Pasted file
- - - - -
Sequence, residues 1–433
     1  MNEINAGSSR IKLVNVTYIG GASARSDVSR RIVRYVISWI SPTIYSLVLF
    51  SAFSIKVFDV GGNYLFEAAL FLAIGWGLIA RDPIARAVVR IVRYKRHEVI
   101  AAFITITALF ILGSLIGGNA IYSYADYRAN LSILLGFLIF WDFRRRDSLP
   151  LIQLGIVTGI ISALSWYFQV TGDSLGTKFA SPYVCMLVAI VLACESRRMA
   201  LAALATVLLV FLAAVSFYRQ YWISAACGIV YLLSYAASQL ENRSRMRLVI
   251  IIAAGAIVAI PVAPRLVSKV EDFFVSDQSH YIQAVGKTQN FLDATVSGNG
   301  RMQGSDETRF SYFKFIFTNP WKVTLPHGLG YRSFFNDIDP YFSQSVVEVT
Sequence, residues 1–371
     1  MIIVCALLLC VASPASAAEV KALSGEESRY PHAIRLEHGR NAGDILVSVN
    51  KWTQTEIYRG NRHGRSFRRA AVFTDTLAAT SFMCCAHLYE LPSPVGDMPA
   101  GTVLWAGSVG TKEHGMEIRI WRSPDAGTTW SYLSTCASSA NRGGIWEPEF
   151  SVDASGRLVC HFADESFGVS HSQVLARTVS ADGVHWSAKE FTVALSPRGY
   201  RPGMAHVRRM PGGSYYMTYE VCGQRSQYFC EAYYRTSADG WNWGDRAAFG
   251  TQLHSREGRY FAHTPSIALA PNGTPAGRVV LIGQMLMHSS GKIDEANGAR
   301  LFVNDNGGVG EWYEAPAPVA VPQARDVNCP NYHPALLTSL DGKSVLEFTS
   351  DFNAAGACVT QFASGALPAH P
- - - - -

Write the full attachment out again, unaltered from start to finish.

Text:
Sequence, residues 1–433
     1  MNEINAGSSR IKLVNVTYIG GASARSDVSR RIVRYVISWI SPTIYSLVLF
    51  SAFSIKVFDV GGNYLFEAAL FLAIGWGLIA RDPIARAVVR IVRYKRHEVI
   101  AAFITITALF ILGSLIGGNA IYSYADYRAN LSILLGFLIF WDFRRRDSLP
   151  LIQLGIVTGI ISALSWYFQV TGDSLGTKFA SPYVCMLVAI VLACESRRMA
   201  LAALATVLLV FLAAVSFYRQ YWISAACGIV YLLSYAASQL ENRSRMRLVI
   251  IIAAGAIVAI PVAPRLVSKV EDFFVSDQSH YIQAVGKTQN FLDATVSGNG
   301  RMQGSDETRF SYFKFIFTNP WKVTLPHGLG YRSFFNDIDP YFSQSVVEVT
Sequence, residues 1–371
     1  MIIVCALLLC VASPASAAEV KALSGEESRY PHAIRLEHGR NAGDILVSVN
    51  KWTQTEIYRG NRHGRSFRRA AVFTDTLAAT SFMCCAHLYE LPSPVGDMPA
   101  GTVLWAGSVG TKEHGMEIRI WRSPDAGTTW SYLSTCASSA NRGGIWEPEF
   151  SVDASGRLVC HFADESFGVS HSQVLARTVS ADGVHWSAKE FTVALSPRGY
   201  RPGMAHVRRM PGGSYYMTYE VCGQRSQYFC EAYYRTSADG WNWGDRAAFG
   251  TQLHSREGRY FAHTPSIALA PNGTPAGRVV LIGQMLMHSS GKIDEANGAR
   301  LFVNDNGGVG EWYEAPAPVA VPQARDVNCP NYHPALLTSL DGKSVLEFTS
   351  DFNAAGACVT QFASGALPAH P